We loved visiting Orange, Millthorpe and Blayney. Cycling in the morning and then eating out - lunch at Tonic in Millthorpe on Saturday, follow by lunch at The Union Bank on Easter Sunday.
We still managed to feast again on Sunday night as our most generous hosts, Anne and Richard, prepared a delicious roast dinner, followed by a very moreish apple crumble.
I've said it before - there is only ONE Coach. His ruthless coaching methods are working as I've now cycled similar distances to those we'll be doing in France.
Admittedly, I'm lacking considerable stamina, but there are still many months to go. Thanks to THE Coach, I'm still on my bike and enjoying the riding more than ever.
Cycling round Orange was sensational. Catherine, Mary and Julie-Anne assure us that the Dordogne will be even more delightful. Hard to believe after such a fantastic weekend!!! Thanks Catherine, Richard and Anne.
July 2010 "Lunch in Paris". The recipes look good but the story - completely forgetable and that's possibly erring on kindness.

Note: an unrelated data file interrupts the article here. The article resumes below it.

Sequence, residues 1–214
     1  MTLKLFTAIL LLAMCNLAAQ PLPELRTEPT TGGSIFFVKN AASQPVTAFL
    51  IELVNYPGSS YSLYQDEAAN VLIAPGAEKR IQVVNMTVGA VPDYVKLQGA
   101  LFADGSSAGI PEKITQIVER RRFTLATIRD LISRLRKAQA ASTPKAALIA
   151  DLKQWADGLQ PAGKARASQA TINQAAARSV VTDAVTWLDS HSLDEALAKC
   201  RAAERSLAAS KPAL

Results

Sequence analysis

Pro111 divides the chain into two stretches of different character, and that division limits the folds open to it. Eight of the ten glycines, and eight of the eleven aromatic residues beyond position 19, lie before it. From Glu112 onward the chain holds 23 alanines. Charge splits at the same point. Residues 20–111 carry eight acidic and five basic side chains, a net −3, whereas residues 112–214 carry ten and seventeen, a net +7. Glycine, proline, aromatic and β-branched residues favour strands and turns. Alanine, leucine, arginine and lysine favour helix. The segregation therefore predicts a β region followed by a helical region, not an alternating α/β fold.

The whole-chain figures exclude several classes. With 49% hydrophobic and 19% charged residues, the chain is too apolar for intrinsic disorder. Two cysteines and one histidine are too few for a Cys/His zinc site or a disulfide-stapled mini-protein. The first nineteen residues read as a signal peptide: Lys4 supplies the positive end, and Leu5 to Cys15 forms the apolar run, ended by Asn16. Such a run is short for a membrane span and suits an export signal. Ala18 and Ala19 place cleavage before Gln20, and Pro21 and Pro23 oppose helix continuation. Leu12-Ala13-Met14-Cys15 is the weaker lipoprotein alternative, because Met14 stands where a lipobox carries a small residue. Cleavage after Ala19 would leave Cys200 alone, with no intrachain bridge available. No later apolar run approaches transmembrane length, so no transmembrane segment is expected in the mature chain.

June 2010 "Brooklyn" by Colm Toibin. A touchingly beautiful story of Ellis Lacey, a young Irish girl sent to New York in the early 1950s to escape poverty and islolation. As she overcomes terrible homesickness, gradually develops confidence in herself and begins to fall in love she is called back to Ireland for a family emergency. A book I didn't want to end.
June 2010 "Feeling sorry for Celia" by Jaclyn Moriarty. Another YA novel but this time its a conventional story about friendship, growing up and first love. What else can I say...
May 2010 "Liar" by Justine Larbalestier. Although this is a novel for young adults I found it un-put-down-able. Hard to describe because it breaks so many writing conventions. The narrator is unreliable. She's a self confessed liar. Left me puzzling about the book for days. Highly recommended.
May 2010 "Saffy's angel" by Hilary McKay. A sweet story for young teenagers. Saffy never feels that she quite belongs and sure enough she discovers she's been adopted. Off to Italy she goes in search of her story.